There’s been a lot of press about unwarranted police shootings and law enforcement cover-ups of police brutality, but do you ever wonder how on earth a culture developed where some police officers could believe that it is okay to treat people that way? I certainly have. And here’s what I’ve come up with: the culture of police violence takes seed when law enforcement is treated as above the law; the culture of police violence grows when there is clear evidence of misconduct, with no accountability.

A lack of consequences and accountability for police misconduct has become the norm in far too many police departments, fostering the culture of police violence. Take Chicago. You may remember the frightening video recorded by a Chicago police car’s dashboard camera of an officer firing more than a dozen shots into the car of some unarmed black teenagers who had been pulled over for speeding. When an officer charged at the car with his gun poised as if to shoot at the teens, they tried to back away, and the officer just started firing at them. If you haven’t seen it, it’s worth the click. The video is so troubling that retired Cook County Judge Andrew described the officer’s actions as the most unsettling thing he has seen in his 35 year legal career. So what happened to that officer? Well, there were no consequences whatsoever until after the boys’ families filed suit (the incident happened in 2013). And, even after that, so far the only consequence for the officer has been that he was reassigned to desk duty with full pay. The message is clear, the Department has the officers’ back no matter how disturbing their behavior.

Another recent Chicago incident illustrates how the culture of police violence is fueled by a lack of accountability. Chicago Public Radio recently reported on the video of a police raid on a tanning salon. The video captures not only the senseless violence and bigotry that is so commonplace, but also the wink and nod of the cover up. At about ten minutes into the video, the police entered the salon and promptly arrested the manager. Several minutes into the arrest, the Detective shouted at the Asian woman he was arresting, “You’re not fucking American. I’ll put you in a UPS box and send you back to wherever the fuck you came from.” The Detective then threatened the woman that if she didn’t shut up, “You’ll be dead, and your family will be dead.” He called her a “fucking animal.”  One of the other officers punched the woman while she was handcuffed and kneeling on the ground. Let’s just pause to think about how horrible and unnecessary it is to treat another human being that way. But, in this case, at least there were slap-on-the-wrist repercussions: a 25 day suspension for the abusive detective; an 8 day suspension for the officer who punched the woman.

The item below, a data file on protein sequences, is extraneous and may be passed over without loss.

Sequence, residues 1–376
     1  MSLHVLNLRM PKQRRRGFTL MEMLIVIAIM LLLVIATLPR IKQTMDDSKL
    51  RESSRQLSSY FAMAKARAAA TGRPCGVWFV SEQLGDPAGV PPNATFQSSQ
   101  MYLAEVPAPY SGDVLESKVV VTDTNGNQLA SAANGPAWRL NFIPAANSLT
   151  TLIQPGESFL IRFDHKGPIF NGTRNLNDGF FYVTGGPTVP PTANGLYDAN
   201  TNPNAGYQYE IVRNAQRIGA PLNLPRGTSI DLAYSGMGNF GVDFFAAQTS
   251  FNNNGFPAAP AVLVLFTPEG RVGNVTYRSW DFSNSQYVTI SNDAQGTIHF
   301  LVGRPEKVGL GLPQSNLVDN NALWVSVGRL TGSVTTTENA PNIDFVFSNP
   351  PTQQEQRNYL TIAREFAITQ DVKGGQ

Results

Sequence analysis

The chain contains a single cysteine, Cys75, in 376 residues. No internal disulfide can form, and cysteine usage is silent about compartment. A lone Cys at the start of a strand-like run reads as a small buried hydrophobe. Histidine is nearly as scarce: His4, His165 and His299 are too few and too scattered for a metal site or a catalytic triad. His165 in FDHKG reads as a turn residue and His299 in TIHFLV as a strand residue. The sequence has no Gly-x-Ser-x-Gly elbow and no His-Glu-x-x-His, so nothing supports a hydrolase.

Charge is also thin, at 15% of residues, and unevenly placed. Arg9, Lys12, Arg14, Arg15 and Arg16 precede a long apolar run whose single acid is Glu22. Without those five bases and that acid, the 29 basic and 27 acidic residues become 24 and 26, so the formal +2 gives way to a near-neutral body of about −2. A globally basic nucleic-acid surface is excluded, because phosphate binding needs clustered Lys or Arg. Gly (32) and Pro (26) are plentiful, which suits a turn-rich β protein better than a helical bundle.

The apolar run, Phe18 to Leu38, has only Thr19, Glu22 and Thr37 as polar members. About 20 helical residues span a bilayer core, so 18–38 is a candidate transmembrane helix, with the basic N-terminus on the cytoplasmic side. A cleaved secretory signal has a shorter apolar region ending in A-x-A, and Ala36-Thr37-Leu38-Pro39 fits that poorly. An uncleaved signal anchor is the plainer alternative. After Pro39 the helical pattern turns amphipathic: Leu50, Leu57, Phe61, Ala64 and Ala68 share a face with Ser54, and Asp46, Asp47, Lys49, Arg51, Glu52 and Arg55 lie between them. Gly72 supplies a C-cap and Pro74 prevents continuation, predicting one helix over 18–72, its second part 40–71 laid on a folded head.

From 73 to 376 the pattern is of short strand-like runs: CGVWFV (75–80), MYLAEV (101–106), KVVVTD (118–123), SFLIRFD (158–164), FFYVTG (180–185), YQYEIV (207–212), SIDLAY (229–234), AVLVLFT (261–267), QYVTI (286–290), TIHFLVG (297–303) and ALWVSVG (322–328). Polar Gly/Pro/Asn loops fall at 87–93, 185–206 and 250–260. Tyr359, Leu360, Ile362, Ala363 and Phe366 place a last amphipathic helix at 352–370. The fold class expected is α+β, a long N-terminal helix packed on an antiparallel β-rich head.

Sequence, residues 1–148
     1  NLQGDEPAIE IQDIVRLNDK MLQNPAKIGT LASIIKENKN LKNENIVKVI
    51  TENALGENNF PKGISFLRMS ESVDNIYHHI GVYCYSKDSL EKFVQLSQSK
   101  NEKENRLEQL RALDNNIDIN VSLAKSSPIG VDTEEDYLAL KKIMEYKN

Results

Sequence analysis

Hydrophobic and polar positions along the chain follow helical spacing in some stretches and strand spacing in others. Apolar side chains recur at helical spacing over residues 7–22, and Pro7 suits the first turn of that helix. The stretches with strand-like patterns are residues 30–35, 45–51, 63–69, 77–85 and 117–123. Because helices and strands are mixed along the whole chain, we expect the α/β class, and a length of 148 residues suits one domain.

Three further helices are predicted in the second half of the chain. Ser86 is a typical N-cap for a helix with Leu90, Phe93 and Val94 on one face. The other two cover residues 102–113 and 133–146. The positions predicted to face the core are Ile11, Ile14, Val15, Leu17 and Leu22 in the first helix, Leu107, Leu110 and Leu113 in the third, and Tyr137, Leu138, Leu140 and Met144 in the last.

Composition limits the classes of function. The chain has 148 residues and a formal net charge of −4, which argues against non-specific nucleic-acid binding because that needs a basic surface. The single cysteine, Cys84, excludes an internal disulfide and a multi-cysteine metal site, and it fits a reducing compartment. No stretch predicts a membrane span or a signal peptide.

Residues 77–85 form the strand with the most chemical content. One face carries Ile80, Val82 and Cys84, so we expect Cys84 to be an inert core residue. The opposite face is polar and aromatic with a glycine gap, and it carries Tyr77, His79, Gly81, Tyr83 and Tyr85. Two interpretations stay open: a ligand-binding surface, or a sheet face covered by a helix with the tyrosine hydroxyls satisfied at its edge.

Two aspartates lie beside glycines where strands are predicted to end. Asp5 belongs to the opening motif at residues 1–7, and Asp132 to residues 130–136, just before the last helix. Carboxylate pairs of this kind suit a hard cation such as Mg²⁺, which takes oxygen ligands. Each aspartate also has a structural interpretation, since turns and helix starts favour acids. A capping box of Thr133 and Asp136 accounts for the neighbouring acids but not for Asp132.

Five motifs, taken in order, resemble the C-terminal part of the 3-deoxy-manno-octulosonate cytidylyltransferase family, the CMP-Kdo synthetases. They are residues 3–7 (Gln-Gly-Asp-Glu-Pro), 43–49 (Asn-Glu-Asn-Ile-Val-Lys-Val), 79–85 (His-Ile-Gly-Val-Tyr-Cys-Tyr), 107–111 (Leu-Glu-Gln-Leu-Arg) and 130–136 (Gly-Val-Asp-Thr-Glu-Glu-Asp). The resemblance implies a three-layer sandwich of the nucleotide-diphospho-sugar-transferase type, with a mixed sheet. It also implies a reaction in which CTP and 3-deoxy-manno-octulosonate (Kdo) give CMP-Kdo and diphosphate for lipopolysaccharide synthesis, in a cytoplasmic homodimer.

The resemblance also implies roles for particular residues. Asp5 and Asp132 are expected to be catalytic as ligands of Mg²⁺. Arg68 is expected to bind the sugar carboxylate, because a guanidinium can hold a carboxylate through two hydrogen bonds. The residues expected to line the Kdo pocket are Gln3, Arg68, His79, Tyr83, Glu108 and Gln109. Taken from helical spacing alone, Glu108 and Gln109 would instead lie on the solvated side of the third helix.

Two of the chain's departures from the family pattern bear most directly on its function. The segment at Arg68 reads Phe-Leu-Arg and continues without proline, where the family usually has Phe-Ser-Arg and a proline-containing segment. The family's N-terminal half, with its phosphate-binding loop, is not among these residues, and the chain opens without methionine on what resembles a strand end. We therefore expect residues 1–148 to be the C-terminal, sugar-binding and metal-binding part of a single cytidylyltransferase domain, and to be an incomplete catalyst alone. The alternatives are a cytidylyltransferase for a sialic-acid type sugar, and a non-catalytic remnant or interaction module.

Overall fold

But there’s even more to the story that shows how our culture of police violence gets perpetuated by a lack of accountability. Chicago has a board called the Independent Police Review Authority (“IPRA”), which investigates police shootings and allegations of police misconduct. When IPRA received the salon’s video recording of the officers’ abuse, there was something else also captured on the recording: the officers are caught arguing about whether they are being recorded and discussing how they can get rid of the incriminating evidence. They discuss confiscating the salon’s computer hard drive so that they can make any recordings on it disappear. Their plan was, of course, highly illegal, and yet IPRA just ignored the cover-up efforts entirely. It is those kinds of moments – when the officers know that IPRA has seen evidence of their illegal cover-ups schemes, but takes no action – that feed the culture of police violence. Those moments signal to the officers that they can confidently make the tapes of shootings disappear or simply turn off their cameras before abusing suspects, and there will be no deeper investigation and no consequences. And, thus, the culture of police violence thrives in America and is unleashed on society’s most vulnerable.

chart-comparing-police-shootings-in-2011

Via Business Insider: police shooting statistics from 2011.

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